Why this matters: The Trump-Cohen relationship broke down a while ago, but now the investigation of Cohen is heating up — with the NYT reveling that Cohen secretly taped Trump — the two have dispensed with the public pretense of loyalty.

The question of what Cohen knows about Trump is now a far more compelling question than it was in the days when Cohen would tell anybody who'd listen that he'd take a bullet — and, no doubt, lie — for his boss.

Read more: https://www.axios.com/michael-cohen-questions-trumps-fitness-to-be-president-e1ce27b0-414b-4e26-b135-4996687dc06e.html?utm_source=twitter&utm_medium=twsocialshare&utm_campaign=organic

How Traveling With a Guide Dog Opens Up a Whole New World

I remember the first time I went to the airport with my guide dog Corky. She was on the job, guiding me through throngs of harried passengers, head up, tail wagging, relishing her job. I knew she’d be focused, after all, in training we’d worked together in Midtown Manhattan and she’d been alert and focused. She’d be just the same in the United terminal at JFK. Suddenly a man approached us. By his accent he seemed German. “Excuse me,” he said, “but I’ve been so much missing my dog.”

If you go everywhere with a guide dog, as I do, you soon find you’re more than just a blind traveler: often you’re an impromptu provider of animal comfort to strangers. After twenty plus years of working with my guide dogs around the world I’ve come to understand how deprived of animal contact millions of people really are.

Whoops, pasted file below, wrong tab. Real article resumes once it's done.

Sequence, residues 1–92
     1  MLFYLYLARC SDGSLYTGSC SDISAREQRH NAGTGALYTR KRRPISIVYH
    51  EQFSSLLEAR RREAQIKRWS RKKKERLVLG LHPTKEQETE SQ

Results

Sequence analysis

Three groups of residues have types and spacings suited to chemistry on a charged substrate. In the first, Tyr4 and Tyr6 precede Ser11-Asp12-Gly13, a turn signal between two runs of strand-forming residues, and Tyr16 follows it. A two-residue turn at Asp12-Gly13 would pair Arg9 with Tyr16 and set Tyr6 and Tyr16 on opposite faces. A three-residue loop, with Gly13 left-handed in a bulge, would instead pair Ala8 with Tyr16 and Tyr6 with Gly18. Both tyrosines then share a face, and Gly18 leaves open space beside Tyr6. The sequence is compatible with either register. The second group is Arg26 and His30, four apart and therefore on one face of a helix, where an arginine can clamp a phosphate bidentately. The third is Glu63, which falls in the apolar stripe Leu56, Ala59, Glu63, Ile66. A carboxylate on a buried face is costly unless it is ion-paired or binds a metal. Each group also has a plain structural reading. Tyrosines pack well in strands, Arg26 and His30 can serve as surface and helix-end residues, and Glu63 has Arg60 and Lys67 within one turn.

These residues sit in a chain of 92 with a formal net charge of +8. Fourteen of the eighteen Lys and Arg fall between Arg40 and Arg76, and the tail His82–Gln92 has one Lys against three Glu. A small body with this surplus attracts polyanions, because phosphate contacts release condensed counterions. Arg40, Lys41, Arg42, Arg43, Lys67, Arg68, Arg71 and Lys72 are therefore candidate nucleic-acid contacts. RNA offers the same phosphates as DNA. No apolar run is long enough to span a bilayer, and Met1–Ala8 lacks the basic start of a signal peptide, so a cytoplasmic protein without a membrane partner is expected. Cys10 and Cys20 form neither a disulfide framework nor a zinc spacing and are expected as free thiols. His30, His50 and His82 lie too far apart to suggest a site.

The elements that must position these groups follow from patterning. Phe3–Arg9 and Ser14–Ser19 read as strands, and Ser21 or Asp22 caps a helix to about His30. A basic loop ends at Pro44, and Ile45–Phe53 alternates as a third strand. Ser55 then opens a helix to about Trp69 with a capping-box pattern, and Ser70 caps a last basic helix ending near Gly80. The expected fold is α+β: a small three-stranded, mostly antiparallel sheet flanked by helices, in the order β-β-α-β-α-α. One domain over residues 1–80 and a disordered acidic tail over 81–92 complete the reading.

Human beings are meant to have animals in their lives, and while pet ownership in the US is at an all-time high, I’m often approached by strangers—on sidewalks, in airports—who say roughly the same thing: “I wish I could have a dog but my landlord won’t allow it.” Or: “I have to travel for my livelihood and I can’t have an animal.” Or: “Can I pet your dog?”

Now, as a public service I will tell you that a guide dog mustn’t be petted or distracted when it’s working and it is always working while wearing its recognizable harness. But when that harness comes off? The dog knows its love time. And I shouldn’t admit this: but I sometimes take off my guide dog’s harness just to let these folks pet her.


“Our new dogs require praise—lots of praise,” said Linda. “It’s all in the voice. Nowadays a guide dog loves it when you say, ‘Good dog’ with a tone of true joy. Try it!” And we all said, “Good dog,” just as Linda had shown us.

In that moment, Corky raised her face to look at me, her big yellow snout pointing straight up. And every dog in the room looked up at their respective human. Something palpable went around our circle—the star of praise that only dogs can see was released by our voices. “Good dog!” We said it again and again. Our overdramatized tones were like stylized laughter in an opera. All tails were wagging.

Excerpted with permission from Have Dog Will Travel: A Poet's Journey by Stephen Kuusisto. Courtesy of Simon & Schuster.


Confession: After reading this, I said "good girl" to my pal numerous times and gave her some scritches.